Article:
Enabling ethical hackers to uncover cyber security threats, Antwerp platform secures over €21 million

The Belgium-based platform features real-time reports of current vulnerabilities, enabling organisations to obtain greater visibility over their attack surface
Enabling ethical hackers to uncover cyber security threats, Antwerp platform secures over €21 million

Antwerp-based cybersecurity platform Intigriti has raised €21 million in funding to further accelerate its rapid detection, reporting and validation of vulnerabilities. The Series B round was led by Octopus Ventures and saw the participation of Germany-based fund EnBW New Ventures, and previous investor and Intigriti’s largest shareholder, ETF Partners. The company received its initial funding in 2020.

The company will use the new funds to grow its headcount to more than 200 employees worldwide, spread across the company’s offices in the U.K., Europe, and Singapore.

Founded in 2016, the bug bounty and vulnerability disclosure platform connects organisations with ethical hackers to continuously test and improve their security through bug bounty programs and other crowdsourced techniques. The startup claims that on average, companies receive 53 reports within one week of launching on the platform and 71% receive a high to critical report within 48 hours.

Stijn Jans, CEO, Intigriti said: “We anticipate crowdsourced security to be a default career option for talented cybersecurity graduates by 2026, surpassing consultancy in popularity. While the remote working culture introduced new security risks, it also provided companies with the opportunity to work with international talent that was previously out of reach.”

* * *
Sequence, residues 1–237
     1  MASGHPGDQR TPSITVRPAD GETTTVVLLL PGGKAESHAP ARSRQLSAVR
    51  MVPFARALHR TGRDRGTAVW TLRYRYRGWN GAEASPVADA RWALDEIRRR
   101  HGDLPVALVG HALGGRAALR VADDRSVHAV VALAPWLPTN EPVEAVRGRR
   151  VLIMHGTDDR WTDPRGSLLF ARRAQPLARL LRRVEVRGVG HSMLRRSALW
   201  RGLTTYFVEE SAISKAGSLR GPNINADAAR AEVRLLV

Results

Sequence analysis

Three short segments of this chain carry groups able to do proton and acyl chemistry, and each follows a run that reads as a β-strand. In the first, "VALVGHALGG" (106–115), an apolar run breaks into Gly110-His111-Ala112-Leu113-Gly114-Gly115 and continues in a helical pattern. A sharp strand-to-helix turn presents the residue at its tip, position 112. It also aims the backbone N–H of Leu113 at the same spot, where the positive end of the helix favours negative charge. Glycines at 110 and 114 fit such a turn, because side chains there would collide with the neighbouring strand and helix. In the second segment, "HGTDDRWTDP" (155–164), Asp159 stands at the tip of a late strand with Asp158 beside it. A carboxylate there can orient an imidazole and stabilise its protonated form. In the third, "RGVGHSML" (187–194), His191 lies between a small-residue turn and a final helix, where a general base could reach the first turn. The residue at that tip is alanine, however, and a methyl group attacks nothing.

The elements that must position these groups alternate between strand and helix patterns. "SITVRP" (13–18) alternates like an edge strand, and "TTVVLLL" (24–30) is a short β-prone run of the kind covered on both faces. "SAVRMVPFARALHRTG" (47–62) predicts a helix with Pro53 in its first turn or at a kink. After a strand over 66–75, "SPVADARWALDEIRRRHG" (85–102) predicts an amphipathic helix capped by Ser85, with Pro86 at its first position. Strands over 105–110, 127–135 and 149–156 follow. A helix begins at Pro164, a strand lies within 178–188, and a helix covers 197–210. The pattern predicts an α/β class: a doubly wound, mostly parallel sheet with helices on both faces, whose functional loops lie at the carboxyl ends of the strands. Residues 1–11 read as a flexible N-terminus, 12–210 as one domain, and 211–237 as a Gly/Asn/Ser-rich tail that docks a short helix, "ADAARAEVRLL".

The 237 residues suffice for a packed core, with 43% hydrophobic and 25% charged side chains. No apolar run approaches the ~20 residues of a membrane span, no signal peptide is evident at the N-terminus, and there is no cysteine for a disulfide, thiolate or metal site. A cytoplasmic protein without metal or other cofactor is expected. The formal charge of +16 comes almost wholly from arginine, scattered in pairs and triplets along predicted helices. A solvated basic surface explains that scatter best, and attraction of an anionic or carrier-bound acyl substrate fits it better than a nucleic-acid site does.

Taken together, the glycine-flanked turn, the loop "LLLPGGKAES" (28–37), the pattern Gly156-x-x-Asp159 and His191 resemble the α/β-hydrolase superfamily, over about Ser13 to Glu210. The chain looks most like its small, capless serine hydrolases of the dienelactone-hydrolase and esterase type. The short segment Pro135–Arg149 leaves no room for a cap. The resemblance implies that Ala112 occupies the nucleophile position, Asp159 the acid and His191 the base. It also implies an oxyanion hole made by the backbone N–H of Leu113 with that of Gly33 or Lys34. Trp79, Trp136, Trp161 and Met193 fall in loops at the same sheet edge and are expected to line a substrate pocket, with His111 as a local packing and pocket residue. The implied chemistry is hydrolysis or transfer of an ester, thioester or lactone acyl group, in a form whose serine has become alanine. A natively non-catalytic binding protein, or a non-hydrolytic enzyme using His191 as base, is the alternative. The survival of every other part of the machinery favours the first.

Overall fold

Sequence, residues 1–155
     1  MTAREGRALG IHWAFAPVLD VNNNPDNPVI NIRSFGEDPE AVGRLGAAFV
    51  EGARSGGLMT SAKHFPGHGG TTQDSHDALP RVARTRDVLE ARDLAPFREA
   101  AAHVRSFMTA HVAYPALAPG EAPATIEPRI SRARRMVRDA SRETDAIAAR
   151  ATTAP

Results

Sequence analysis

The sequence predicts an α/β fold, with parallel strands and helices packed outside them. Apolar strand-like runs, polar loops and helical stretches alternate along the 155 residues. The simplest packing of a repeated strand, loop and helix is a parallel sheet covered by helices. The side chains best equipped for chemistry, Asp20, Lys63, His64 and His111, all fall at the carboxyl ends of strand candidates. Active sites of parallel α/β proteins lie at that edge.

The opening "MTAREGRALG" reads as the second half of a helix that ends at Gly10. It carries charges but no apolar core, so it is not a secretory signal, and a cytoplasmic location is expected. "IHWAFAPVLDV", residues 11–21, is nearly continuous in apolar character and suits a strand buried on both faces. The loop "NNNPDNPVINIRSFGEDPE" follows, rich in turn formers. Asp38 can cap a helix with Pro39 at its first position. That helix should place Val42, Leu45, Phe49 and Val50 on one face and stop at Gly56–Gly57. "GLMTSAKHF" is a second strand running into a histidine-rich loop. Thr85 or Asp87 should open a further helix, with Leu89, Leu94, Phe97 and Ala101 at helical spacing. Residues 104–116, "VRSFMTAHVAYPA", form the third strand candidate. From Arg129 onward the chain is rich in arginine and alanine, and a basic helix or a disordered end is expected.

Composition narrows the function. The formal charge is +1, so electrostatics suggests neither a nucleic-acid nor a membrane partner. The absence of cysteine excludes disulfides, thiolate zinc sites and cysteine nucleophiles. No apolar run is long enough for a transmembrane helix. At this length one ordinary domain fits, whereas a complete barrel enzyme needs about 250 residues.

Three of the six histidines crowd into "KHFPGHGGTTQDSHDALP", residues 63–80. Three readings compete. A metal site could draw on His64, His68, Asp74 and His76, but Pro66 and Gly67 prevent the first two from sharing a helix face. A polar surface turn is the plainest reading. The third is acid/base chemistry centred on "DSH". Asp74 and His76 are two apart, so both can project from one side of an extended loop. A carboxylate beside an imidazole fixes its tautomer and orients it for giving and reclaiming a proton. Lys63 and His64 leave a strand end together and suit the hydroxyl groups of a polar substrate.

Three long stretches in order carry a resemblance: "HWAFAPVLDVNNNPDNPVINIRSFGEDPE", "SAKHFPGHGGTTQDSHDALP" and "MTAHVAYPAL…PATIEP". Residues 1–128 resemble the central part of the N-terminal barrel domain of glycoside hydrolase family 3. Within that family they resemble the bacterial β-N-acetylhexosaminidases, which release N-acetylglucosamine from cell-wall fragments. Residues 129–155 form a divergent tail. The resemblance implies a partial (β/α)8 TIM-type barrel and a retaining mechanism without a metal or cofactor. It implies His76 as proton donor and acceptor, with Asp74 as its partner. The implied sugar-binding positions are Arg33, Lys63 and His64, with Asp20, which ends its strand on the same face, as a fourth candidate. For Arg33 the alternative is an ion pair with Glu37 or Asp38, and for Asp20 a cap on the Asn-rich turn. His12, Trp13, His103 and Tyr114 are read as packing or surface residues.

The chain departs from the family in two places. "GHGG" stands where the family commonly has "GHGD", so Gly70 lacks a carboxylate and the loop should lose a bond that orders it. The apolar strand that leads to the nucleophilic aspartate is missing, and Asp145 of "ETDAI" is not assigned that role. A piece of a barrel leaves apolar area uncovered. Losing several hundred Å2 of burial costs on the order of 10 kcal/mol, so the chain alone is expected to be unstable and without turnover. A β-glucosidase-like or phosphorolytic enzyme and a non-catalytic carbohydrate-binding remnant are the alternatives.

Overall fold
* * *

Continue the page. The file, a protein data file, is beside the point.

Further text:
To support the transition from traditional consultancy to the new way of working, the startup is releasing its ‘hybrid pentest’ offering to enable companies to work with selected researchers in individual engagements within an agreed timeframe but following a result-based rate. In a successful pilot phase leading to the release, more than €100,000 was earned by penetration testers trying out the service.

Inti De Ceukelaire, head of hackers, Intigriti added: “Our researcher’s automation flows have allowed Intigriti customers to detect vulnerabilities before any commercial scanner could. With this investment, we will continue to optimise the process to keep validation time at a minimum while upholding our 95% accuracy standard.”

Paul Davidson, investor, Octopus Ventures concluded: “Cybersecurity companies can create a certain level of automation, but human intelligence still ranks ahead when it comes to identifying security threats. Intigriti has developed a differentiated platform proposition that enables the brightest minds in security to detect the broadest and most critical set of risks. We believe this team can drive this fast-growing category forward with their modern and data-compliant approach.” 

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